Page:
Chances are you’ve had at least one really terrible digital commerce experience, whether as a consumer or a B2B buyer.
Maybe you landed on a site where the homepage provided zero clues to what the brand sells or when trying to narrow products to be aligned with your needs the filters were overly featured-focused, leaving you wondering “do I need a Master’s degree to buy this product?”
As digital-first accelerates and moves toward mobile-first, it is time to be honest with ourselves (and commerce leaders): having a mediocre commerce experience loses customers and allows competitors to see your weaknesses and position themselves as the more customer-centric brand to purchase from. Essentially, it’s self-sabotage.
In Zoovu’s webinar series “Commerce Experiences: The Good, The Bad, & The Ugly” we evaluate e-commerce experiences with an industry expert based on 4 over-arching criteria:
- Site Navigation
- Product Discovery
- Data Quality
- Mobile Friendliness.
Our most recent webinar featured Jason Stokes, CEO of Eastside & Co, a global Shopify Plus Agency, alongside Zoovu’s Chief Strategy Officer, Rodney Rodriquez. We caught up with them following the webinar to ask a few more questions about the commerce experiences they evaluated and what lessons can be acted on.
3 Questions on Evaluating Commerce Experiences and Opportunities for Improvement
1. What are the main criteria in evaluating commerce experiences?
Rodney Rodriquez: There are four criteria we look at when evaluating: Site Navigation, Product Discovery, Data Quality, and Mobile Friendliness. Let me explain why and provide some examples for each of these criteria.
Site Navigation: People will shop in their own unique way, either through habit or other circumstances. Companies need to make it easy to help those shoppers find what they are looking for. Site navigation includes the menu bar which varies in its effectiveness and ease of use. Brands and retailers should consider creating a navigation menu that can support different types of shoppers to:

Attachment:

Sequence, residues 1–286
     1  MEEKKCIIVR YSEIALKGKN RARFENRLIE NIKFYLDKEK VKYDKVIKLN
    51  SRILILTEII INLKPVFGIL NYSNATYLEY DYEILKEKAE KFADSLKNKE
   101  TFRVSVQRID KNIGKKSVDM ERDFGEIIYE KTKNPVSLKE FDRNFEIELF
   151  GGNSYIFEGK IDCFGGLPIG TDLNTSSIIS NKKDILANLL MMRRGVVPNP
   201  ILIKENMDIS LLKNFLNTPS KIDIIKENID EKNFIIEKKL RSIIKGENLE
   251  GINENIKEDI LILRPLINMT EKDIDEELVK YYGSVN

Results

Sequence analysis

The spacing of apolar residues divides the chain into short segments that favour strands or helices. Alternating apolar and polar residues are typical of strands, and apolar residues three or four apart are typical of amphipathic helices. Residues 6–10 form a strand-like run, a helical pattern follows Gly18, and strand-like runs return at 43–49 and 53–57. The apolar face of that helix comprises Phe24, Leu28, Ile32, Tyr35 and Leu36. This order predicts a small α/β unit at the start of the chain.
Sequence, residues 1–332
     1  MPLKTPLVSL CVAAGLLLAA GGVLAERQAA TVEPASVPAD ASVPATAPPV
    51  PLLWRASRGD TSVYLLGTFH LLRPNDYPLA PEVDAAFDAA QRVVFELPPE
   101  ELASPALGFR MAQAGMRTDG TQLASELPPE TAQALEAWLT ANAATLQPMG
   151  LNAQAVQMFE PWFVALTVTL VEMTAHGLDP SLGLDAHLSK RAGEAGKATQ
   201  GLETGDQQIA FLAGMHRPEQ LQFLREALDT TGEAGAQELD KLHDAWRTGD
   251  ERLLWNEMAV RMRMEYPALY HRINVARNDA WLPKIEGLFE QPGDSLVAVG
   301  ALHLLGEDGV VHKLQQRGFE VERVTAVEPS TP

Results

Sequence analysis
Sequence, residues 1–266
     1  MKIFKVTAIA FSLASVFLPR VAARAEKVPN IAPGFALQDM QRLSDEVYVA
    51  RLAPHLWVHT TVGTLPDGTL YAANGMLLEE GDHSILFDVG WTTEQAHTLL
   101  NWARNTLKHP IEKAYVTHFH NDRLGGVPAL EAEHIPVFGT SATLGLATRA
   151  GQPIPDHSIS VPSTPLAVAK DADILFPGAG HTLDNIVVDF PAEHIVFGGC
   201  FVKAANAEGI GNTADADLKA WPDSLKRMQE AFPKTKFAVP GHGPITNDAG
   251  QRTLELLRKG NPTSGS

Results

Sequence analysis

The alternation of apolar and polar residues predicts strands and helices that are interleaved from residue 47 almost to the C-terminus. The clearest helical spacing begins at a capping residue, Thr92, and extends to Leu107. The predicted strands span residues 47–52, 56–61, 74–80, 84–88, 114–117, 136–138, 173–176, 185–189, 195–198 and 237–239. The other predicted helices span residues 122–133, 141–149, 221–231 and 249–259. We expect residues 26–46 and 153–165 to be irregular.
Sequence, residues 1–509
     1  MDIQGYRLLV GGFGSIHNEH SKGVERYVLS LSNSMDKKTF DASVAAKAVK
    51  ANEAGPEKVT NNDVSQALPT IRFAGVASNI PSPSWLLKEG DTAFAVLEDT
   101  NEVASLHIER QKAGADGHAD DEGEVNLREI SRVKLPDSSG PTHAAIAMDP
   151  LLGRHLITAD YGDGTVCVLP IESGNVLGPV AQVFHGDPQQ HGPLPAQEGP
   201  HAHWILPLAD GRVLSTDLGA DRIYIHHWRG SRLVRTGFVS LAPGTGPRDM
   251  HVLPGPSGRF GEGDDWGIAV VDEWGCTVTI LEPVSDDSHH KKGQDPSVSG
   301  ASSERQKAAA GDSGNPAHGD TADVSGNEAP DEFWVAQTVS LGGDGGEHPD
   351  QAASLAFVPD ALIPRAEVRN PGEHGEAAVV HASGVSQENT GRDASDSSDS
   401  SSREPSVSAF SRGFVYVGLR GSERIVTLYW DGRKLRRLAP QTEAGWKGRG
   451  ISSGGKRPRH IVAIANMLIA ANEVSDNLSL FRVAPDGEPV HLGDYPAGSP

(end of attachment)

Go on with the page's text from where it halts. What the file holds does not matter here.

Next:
- For first-time shoppers, top-level category educational content is helpful to increase their knowledge of the category
- For returning customers, have an option to get to a level deeper to the listing page content if users want to get to products fast.
KitchenAid’s site navigation, for example, includes various paths for customers to find what they’re looking for in a clean and educational manner:
Product Discovery: People want proof that the product works. In order to facilitate an engaging and educational product discovery for shoppers, you need to bring the product to life. This includes media assets like image galleries, promotional videos, social proof, or even provide sample outputs (depending on the category).
One brand that is particularly ingenious with its media assets approach is Sony. They include a photo gallery with sample images taken from various camera models.
Data Quality: When shoppers narrow down to consider a set of products, they start to compare specifications to find the right product. This helps them understand the value associated with higher prices and if they need the more expensive and elaborate product offering. It is important not to overwhelm them and really focus on the attributes that can help shoppers make a decision.
Beko was missing the key attribute of price. We can see the difference in capabilities across the various models, but don’t know which one provides more value because there is no mention of price.